Five treated as flu virus surge begins and 540 bed blockers to be transferred
Five people were admitted to hospital with confirmed flu last week as the virus tightened its grip.
Flu levels are still low but rising, according to latest reports.
The main strain circulating this year is swine flu, and the seasonal vaccine provides good protection against it.
However, it can strike pregnant women and the young. Patients who contract the virus have a higher risk of ending up in intensive care units.
No confirmed flu cases were admitted to critical care units last week, the report from the Health Protection Surveillance Centre said.
It comes as hospitals step up measures to transfer more than 540 patients known as bed blockers - people who no longer need acute care.
The HSE has an additional 300 home care packages to give to patients who still need support after leaving hospital.
Others will go to transitional care beds. The exodus is aimed at freeing up beds before the surge in attendances after Christmas and early in the new year. Figures provided to the most recent meeting of the emergency department task force showed that St James's Hospital had 72 patients who no longer needed acute care.
There were 62 in Beaumont Hospital, 51 in Tallaght Hospital and 49 in the Mater. All these patients are occupying beds but could not leave until proper supports were available.
There were 37 of these patients in St Vincent's Hospital and 28 in Connolly Hospital.
"My department is working with the HSE to ensure the most effective response to the winter challenges to unscheduled care provision," Health Minister Simon Harris said.
"Within this context, the HSE requested singular integrated winter plans from hospital groups and community health organisations in June 2018. Subsequently, in September and October 2018, I met with hospital groups and community healthcare organisations to discuss their plans for winter preparedness."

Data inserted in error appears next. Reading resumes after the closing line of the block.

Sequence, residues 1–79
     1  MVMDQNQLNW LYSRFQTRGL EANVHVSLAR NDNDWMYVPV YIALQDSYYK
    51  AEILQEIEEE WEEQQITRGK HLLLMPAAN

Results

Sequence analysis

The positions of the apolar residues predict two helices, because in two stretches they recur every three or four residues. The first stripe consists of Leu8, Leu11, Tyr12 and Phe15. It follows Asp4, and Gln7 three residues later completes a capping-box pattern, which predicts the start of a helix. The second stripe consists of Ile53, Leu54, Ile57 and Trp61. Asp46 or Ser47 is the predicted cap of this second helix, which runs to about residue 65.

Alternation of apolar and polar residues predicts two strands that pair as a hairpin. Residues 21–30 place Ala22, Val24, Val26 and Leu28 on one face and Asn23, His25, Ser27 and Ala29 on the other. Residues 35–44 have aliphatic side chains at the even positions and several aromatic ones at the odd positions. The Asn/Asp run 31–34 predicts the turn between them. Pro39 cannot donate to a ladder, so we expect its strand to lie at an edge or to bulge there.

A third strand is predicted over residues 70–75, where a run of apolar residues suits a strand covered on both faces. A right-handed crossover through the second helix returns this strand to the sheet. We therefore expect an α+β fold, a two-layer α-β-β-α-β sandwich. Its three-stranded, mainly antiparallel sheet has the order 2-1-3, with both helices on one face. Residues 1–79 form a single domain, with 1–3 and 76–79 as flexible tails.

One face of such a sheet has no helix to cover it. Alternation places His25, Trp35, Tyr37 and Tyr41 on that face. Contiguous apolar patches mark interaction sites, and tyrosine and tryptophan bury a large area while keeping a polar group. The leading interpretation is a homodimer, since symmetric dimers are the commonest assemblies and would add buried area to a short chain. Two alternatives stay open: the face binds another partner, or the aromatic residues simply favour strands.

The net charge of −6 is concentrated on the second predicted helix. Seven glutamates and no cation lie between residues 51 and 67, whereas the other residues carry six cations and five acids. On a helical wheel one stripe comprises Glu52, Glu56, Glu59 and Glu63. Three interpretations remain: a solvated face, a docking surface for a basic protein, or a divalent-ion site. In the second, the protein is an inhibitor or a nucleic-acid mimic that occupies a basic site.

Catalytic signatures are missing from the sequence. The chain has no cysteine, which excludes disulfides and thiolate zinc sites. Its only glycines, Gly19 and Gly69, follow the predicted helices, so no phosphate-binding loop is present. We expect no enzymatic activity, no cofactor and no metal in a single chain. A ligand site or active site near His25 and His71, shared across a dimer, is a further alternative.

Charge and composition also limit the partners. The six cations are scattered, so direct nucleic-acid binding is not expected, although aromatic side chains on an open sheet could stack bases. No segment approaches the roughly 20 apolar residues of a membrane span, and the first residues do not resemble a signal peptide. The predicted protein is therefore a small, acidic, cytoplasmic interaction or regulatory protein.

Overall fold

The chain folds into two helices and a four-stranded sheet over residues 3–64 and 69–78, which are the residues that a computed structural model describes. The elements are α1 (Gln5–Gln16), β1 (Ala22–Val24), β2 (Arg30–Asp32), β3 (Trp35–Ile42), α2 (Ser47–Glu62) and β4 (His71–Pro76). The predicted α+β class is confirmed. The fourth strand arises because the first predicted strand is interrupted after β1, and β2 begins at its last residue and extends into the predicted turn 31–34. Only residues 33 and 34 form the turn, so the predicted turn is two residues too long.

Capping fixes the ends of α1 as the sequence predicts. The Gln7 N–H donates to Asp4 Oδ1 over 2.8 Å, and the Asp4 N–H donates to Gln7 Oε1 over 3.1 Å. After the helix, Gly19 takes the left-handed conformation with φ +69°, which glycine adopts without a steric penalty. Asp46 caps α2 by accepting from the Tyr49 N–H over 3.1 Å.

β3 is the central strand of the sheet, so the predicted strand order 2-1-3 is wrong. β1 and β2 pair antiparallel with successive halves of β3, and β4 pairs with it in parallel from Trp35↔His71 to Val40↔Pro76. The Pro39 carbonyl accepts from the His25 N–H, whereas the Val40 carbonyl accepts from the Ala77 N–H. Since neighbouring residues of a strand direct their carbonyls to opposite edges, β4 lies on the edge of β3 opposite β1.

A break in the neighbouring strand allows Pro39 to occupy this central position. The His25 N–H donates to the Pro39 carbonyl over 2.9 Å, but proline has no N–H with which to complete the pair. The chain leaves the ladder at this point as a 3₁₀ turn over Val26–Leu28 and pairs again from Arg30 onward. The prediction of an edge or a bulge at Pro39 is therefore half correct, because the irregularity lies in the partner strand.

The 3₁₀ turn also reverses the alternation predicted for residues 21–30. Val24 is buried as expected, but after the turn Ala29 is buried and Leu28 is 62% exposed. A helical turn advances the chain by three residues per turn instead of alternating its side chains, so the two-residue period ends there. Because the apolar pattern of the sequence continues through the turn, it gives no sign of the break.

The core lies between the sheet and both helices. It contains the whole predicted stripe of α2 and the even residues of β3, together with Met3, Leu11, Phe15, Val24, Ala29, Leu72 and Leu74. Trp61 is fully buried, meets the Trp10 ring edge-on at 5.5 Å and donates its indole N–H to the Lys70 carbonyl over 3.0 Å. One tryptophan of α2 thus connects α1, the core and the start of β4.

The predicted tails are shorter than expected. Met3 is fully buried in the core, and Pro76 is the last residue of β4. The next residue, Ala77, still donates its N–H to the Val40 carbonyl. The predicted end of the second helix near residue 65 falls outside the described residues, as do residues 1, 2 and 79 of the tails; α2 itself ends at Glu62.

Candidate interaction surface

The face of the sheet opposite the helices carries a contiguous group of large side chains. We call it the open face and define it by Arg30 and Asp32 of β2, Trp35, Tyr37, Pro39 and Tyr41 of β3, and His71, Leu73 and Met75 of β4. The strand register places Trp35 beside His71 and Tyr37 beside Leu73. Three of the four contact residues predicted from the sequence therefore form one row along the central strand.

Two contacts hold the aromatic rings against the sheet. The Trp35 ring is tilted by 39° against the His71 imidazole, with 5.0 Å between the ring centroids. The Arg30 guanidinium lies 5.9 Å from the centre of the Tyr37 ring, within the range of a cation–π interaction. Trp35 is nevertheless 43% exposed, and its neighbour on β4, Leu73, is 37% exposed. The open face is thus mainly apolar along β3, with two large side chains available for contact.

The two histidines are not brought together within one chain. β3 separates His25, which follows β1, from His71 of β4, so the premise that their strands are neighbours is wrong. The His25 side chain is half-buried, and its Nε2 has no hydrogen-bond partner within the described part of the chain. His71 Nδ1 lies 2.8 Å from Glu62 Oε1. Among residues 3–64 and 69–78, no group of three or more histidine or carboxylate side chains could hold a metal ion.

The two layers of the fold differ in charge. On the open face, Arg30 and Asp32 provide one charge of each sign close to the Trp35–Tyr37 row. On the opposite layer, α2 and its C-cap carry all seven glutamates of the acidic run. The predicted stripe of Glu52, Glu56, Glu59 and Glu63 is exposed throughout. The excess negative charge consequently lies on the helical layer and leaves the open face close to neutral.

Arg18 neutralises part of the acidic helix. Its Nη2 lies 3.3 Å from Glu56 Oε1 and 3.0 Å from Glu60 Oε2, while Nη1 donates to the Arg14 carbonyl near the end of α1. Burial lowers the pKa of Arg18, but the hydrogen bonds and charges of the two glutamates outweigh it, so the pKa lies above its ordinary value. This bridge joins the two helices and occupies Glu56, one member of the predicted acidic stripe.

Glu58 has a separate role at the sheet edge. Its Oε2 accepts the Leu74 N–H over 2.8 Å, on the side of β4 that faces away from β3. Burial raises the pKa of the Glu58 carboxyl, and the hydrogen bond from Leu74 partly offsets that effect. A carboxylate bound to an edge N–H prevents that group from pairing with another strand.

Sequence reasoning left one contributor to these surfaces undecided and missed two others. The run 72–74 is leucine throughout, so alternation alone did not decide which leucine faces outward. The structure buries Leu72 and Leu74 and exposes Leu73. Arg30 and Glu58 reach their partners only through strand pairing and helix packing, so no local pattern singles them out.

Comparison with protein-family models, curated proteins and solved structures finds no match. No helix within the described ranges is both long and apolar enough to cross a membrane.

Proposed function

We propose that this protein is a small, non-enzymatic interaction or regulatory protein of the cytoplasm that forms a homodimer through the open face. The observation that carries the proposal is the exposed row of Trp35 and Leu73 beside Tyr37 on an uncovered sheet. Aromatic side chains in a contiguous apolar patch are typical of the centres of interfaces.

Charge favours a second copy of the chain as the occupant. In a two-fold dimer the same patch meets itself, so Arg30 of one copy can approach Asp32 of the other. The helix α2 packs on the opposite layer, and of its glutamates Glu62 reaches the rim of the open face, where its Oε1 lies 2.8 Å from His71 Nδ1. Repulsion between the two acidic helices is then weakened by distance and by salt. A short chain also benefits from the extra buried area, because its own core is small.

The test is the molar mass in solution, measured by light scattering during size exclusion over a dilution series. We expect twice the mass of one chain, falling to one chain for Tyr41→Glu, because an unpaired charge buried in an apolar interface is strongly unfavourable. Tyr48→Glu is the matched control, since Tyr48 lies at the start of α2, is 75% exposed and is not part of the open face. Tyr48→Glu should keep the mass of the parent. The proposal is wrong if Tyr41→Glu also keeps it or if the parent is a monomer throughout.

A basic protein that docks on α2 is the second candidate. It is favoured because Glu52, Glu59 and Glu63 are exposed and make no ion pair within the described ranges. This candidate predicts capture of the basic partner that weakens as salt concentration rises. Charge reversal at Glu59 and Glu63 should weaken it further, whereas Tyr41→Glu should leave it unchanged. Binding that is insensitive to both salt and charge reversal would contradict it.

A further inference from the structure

The HSE Winter Plan 2018/19 provides for a four-week enhanced focus period from December 17 to January 13, targeting nine key sites of concern. Naas General Hospital has been identified as one of these, based on performance in previous winters.
"As part of Budget 2019, an additional €10m in funding is being provided in 2018 for social care measures to enable older people to leave hospital and return to a more appropriate care setting, including their own home, as quickly as possible with the supports they need.
"My department has sanctioned the release of €5m of this additional funding to enable the deployment of social and primary care measures to support this transition.
"Increasing bed capacity is a Government priority. Over the past 12 months an additional 240 beds have been opened, including 11 additional beds in Naas General Hospital and a further 78 additional beds are due to come on stream nationally in 2019."
Talks on investment in more beds in 2019 are under way.